Quinquagesima Sunday

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1 Corinthians 13: 1-13 – Luke 18: 31-43

Behold, we go up to Jerusalem, and all things that are written by the prophets concerning the Son of man shall be accomplished

The gospel of this Quinquagesima Sunday describes two thoughts of faith and love.  Jesus told his disciples that he must go up to Jerusalem and suffer crucifixion. It must take faith to understand and accept that the Master would die. Luke wrote his gospel to teach us that faith is not a void concept, but must be demonstrated through specific actions. When you have faith you cannot be sitting in one place. The bible said that Jesus was going from village to village, from town to town, to proclaim the Good News. Here in our gospel, he got on the road to go up to Jerusalem. He had faith in the salvation of the world. He knew what will happen to him in Jerusalem, but he also believed in what God the Father would do.

The question of faith

Faith is the central element of our Christianity and it requires the ability to always be on a journey. Faith is a dynamic expression of our belief. It is not static. A faithful, a man full of faith will never be at rest but always going up in order to grow up.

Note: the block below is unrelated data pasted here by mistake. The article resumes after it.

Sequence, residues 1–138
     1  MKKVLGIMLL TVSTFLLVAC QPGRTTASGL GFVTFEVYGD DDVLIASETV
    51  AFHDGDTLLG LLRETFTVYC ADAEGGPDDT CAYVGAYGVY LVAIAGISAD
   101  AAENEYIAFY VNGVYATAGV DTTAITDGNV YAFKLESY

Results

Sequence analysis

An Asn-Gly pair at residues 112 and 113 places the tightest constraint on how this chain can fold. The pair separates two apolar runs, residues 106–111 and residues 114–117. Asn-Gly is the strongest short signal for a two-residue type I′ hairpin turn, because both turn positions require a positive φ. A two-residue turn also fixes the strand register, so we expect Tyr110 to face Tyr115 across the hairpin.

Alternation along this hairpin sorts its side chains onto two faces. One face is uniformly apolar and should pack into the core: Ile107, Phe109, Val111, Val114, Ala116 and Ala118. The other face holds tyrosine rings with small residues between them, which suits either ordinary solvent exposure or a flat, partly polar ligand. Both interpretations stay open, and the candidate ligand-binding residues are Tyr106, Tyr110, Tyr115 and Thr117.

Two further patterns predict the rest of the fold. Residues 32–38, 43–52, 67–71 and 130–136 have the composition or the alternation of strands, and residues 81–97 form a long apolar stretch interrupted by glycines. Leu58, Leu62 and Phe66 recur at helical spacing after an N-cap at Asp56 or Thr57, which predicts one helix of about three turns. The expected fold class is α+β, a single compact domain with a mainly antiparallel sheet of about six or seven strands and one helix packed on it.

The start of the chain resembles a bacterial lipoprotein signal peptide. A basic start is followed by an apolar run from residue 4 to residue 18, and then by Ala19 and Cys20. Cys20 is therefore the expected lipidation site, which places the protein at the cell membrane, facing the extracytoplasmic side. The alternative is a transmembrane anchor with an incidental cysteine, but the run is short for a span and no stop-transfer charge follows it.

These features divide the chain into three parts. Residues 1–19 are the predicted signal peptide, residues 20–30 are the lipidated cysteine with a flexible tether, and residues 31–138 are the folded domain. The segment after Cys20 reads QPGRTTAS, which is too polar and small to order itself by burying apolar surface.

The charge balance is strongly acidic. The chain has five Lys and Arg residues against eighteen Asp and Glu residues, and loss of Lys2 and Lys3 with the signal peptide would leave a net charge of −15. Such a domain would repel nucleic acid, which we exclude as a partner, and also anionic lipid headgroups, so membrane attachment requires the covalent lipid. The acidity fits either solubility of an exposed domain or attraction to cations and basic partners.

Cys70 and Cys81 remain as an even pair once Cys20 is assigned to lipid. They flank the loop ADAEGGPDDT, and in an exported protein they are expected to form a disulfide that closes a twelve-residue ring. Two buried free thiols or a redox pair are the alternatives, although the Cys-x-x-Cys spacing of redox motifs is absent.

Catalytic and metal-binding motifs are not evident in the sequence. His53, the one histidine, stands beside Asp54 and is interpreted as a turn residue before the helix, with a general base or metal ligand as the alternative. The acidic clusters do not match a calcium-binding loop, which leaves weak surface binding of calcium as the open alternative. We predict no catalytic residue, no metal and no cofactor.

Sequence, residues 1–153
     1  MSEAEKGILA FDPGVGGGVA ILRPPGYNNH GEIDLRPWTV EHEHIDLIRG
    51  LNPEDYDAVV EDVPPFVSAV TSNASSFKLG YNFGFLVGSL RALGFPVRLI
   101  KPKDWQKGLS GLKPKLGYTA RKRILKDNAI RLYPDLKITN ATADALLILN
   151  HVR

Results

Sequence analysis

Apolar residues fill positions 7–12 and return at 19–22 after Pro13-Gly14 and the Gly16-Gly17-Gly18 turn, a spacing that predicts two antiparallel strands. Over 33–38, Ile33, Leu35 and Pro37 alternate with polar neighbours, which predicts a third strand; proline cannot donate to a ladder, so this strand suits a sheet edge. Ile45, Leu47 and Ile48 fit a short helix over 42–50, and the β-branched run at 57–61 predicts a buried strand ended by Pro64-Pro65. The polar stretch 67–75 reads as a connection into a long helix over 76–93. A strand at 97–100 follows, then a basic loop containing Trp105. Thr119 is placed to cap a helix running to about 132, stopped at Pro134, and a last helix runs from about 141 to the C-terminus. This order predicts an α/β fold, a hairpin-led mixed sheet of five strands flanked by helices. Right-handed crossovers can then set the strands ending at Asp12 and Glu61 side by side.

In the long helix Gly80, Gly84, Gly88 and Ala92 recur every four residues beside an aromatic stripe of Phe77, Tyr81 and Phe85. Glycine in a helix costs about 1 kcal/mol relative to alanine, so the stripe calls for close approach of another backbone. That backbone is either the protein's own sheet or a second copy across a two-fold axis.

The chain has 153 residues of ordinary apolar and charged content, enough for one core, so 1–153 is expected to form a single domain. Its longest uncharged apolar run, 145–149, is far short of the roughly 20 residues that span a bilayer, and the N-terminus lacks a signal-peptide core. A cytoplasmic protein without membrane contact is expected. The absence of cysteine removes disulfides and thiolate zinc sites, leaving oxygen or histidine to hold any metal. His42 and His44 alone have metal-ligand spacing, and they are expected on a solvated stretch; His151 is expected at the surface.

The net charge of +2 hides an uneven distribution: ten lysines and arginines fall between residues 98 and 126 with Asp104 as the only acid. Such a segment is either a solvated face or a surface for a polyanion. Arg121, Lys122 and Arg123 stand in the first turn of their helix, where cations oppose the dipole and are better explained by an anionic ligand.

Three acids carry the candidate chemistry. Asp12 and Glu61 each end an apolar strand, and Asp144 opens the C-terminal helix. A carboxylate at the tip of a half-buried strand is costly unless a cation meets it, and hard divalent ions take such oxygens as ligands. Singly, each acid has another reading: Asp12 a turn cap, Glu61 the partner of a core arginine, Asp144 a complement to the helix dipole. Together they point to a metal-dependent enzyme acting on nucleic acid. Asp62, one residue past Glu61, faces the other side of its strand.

In Deuteronomy1: 6 we learn that God said to the children of Israel: “You have dwelt long enough in this mountain; turn you, and take your journey, and go to the hill-country of the Amorites”. Faith is that journey to the unknown. Tomorrow is never guaranteed. But you must jump into that emptiness. Apostle Paul teaches us that Jesus made the same journey (Philippians 2: 3-11). He emptied Himself and came down from heaven. From earth He went to the cross, from the cross to the grave, from that grave to heaven. By empting Himself, Jesus took a giant step of faith. He trusted Man and believed in his salvation. That salvation will become reality in your life only when you accept Him as your personal savior and believe in His active presence in your life. The gospel of Luke is about elevation. The first nine chapters describe the childhood and the ministry of Jesus in Galilee. The last fifteen chapters relate the story of Jesus going up to Jerusalem to suffer death and to rise again. That’s why the gospel of Luke is called the gospel of elevation.